Where is the physics "sweet spot" of HS pre-calculus calculus and the university course (now a second 1000-page book)? What to do? HS physics has to do just the tiny bit of math Newton did when he create calculus. Just one critical first step is needed.

  • Assume: students of your physics class have learned the "bottom rung" ideas of space and vectors - but with feel.
  • Implicit Functional Notation:  As a first step teach physics students to use implicit functional notation. Then, for example, they don't think of position as "P" but as "P(t)," to mean "P", locates something in space and the something is moving in OXYZ.
  • Velocity is dV(t)/dt: (overbar on "V" means "vector" entity. Get after vectors.) This idea of Newton's, this tiny, very first seed of calculus. HS physics can cultivate this seed, the idea, "derivative," without use of any commercial pre-calc or calc text.
  • "Average versus instantaneous:"  Instantaneous is "of the essence," that about motion Newton sought. Learn "instantaneous." When instaneous is not known, we settle for second-best and use the Mean Value Theorem to integrate using the lesser idea, "average." Learn what is "average," this way.
  • Elementary Calculus:  Physics needs just the "sweet part" of calculus; the "essence." Physics does not need "calculus for calculus." Derivatives of some common functions are needed; let's do only those and as needed.

Newton's System: BODY:  The physical entity (or object) of Newton's analytic studies was matter having mass but having no extent. This model of mass is called the BODY (point mass or particle). We use "uppercase" notation, BODY, to emphasize that the BODY under consideration has been carefully selected and "set apart" from the rest of the physical world. The mental, analytical act of "setting apart" is the essential part of system specification (more later).


Fundamental Abstracts:  The "truths" of our accumulated observations of reality are collected to be our "knowledge." From time to time, some essence of "all we know" is formulated as an abstract, being something hard to describe but which we all agree, in common, we know. Abstract ideas are subtle. For example, consider the abstract, "life." Each of us supposes to know what life is. Yet each of us has had very different lives. Abstract idea have become scientific disciplines (geometry, algebra, mechanics... including assumptions). This section is a partial reminder of abstractions science types use to describe their knowledge - what they think they know.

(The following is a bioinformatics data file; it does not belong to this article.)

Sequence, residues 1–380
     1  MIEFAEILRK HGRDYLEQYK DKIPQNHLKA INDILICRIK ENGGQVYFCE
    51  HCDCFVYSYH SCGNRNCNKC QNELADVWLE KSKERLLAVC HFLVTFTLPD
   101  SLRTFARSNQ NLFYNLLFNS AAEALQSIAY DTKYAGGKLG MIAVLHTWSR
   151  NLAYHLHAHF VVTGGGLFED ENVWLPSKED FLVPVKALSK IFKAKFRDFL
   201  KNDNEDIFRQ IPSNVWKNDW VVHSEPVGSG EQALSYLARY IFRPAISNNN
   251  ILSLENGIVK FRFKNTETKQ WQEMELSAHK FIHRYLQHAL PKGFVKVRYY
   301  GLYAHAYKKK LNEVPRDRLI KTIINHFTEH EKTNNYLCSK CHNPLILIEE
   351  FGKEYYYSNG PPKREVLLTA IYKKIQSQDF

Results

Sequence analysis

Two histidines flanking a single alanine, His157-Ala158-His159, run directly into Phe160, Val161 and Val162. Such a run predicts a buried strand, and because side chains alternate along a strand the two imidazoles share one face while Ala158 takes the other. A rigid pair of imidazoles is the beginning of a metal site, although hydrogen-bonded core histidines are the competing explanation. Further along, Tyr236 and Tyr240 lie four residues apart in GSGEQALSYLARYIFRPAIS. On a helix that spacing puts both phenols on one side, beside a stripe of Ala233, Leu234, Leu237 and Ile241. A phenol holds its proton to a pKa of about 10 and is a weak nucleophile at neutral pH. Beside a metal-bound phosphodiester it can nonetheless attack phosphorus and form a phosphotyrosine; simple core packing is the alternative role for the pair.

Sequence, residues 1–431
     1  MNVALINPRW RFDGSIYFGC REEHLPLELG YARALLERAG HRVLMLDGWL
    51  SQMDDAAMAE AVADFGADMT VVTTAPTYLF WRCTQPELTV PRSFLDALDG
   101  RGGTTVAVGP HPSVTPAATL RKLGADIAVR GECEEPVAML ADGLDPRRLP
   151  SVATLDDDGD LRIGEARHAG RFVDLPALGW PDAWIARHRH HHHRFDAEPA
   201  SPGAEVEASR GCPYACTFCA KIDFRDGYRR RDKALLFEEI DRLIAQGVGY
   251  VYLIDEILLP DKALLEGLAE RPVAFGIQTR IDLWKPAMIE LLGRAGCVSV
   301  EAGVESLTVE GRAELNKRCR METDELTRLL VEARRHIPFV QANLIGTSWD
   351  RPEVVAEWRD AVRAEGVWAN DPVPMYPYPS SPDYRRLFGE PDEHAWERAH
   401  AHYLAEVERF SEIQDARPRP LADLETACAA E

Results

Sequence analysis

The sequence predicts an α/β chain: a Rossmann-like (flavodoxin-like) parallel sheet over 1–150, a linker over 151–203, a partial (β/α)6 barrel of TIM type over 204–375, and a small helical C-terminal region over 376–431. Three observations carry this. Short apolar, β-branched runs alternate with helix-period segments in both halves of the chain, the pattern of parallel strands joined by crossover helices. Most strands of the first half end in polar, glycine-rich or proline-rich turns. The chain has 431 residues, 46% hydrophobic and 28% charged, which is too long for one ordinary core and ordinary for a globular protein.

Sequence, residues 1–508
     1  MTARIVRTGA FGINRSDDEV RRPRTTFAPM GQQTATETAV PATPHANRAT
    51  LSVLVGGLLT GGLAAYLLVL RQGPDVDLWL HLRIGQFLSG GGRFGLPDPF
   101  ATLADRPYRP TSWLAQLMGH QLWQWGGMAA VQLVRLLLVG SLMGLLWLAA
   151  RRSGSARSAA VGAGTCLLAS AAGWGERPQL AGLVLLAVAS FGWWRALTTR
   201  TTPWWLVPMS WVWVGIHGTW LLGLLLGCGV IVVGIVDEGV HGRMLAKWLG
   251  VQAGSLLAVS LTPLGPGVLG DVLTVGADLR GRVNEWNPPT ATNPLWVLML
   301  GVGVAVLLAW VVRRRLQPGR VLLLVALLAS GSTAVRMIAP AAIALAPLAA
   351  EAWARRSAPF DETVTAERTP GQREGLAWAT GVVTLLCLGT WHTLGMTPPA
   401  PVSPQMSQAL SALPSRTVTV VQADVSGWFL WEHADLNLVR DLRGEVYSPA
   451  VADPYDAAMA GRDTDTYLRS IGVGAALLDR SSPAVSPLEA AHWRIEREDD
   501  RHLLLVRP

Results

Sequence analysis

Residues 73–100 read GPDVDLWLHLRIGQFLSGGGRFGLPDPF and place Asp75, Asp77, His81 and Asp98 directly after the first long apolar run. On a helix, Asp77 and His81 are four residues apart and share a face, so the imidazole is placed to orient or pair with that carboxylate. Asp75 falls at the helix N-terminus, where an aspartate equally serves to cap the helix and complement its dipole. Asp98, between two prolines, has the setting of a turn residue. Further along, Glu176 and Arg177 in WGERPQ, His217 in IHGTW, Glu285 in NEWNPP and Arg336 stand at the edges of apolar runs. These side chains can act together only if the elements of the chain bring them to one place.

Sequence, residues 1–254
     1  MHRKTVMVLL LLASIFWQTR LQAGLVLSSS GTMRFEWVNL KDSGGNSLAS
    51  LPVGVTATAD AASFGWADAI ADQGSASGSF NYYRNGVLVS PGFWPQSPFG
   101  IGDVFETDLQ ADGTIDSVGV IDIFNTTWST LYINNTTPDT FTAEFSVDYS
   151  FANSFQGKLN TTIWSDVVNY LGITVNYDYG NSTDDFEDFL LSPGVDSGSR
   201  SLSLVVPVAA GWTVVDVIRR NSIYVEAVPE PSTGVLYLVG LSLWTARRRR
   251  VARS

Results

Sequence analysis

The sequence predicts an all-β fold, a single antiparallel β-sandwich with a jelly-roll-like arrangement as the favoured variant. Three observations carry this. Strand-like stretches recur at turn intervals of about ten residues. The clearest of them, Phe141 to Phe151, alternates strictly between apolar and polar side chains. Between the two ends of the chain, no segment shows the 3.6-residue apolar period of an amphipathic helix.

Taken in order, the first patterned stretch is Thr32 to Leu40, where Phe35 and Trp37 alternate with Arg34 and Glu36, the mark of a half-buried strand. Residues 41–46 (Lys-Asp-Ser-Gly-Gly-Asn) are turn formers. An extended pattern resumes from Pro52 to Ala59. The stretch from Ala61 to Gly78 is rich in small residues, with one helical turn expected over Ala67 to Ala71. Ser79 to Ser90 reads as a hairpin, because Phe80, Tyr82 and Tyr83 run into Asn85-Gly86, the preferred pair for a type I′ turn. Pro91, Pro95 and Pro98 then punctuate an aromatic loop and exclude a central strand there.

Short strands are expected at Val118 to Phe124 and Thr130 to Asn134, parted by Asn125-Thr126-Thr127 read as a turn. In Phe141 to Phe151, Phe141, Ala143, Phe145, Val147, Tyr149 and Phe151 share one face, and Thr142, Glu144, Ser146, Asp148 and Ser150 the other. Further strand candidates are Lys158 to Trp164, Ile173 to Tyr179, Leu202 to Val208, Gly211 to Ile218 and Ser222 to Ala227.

Newton invented Calculus, postulated Laws of Motion and his Law of Gravitation. Also and more important that that, Newton bequeathed to us his "scientific method." His manner of observation, isolation and study of the physical reality. Newton's Laws, ideas and his Analytic Method are foundations of engineering thermodynamics. Below is a brief restatement of fundamental terms, ideas and manner of approach. Topics are of high-school-level.

BODY:  Analysis of physical events usualloy addresses the matter involved in terms of a model or simplification of it. The simplest model of reality is the BODY. No matter qualifies as a BODY because the model assumes "zero size," mass at a point when we know mass has extent. Nevertheless the model, the approximation, supposition that real matter behaves as a BODY yields valuable information.

The BODY has mass (though no "size") it has position in space, velocity, momentum and energy though, by our assumption, its size is zero. No actual mass has zero size, of course. Nonetheless analytic studies of events are facilitated by the model (of physical reality), BODY. Finally, Newton's Laws of motion address BODY as the system model; much worthwhile has resulted.

Position: the First Vector:   Newton used vector mathematics to establish his Laws of Motion (1687). Logically a beginning knowledge of vectors, vectors spaces and vector algebra is needed to understand his ideas. Position is the location in space of our system, the BODY. Examples of this section relate to representation of space as an origin, coordinates and a unit vector basis.

Velocity: the First Derivative  To explain velocity, Newton needed first to explain vectors then he needed to explain calculus. Newton used vectors and calculus because he needed that mathematics.

Newton's Second Law of Motion:  Newton's system was the simplest of all perspectives of matter ~ the BODY. By his definitions, a BODY has mass (quantity of matter) and momentum (quantity of motion). We use the notations, mBODY and mVBODY, for mass and momentum, respectively.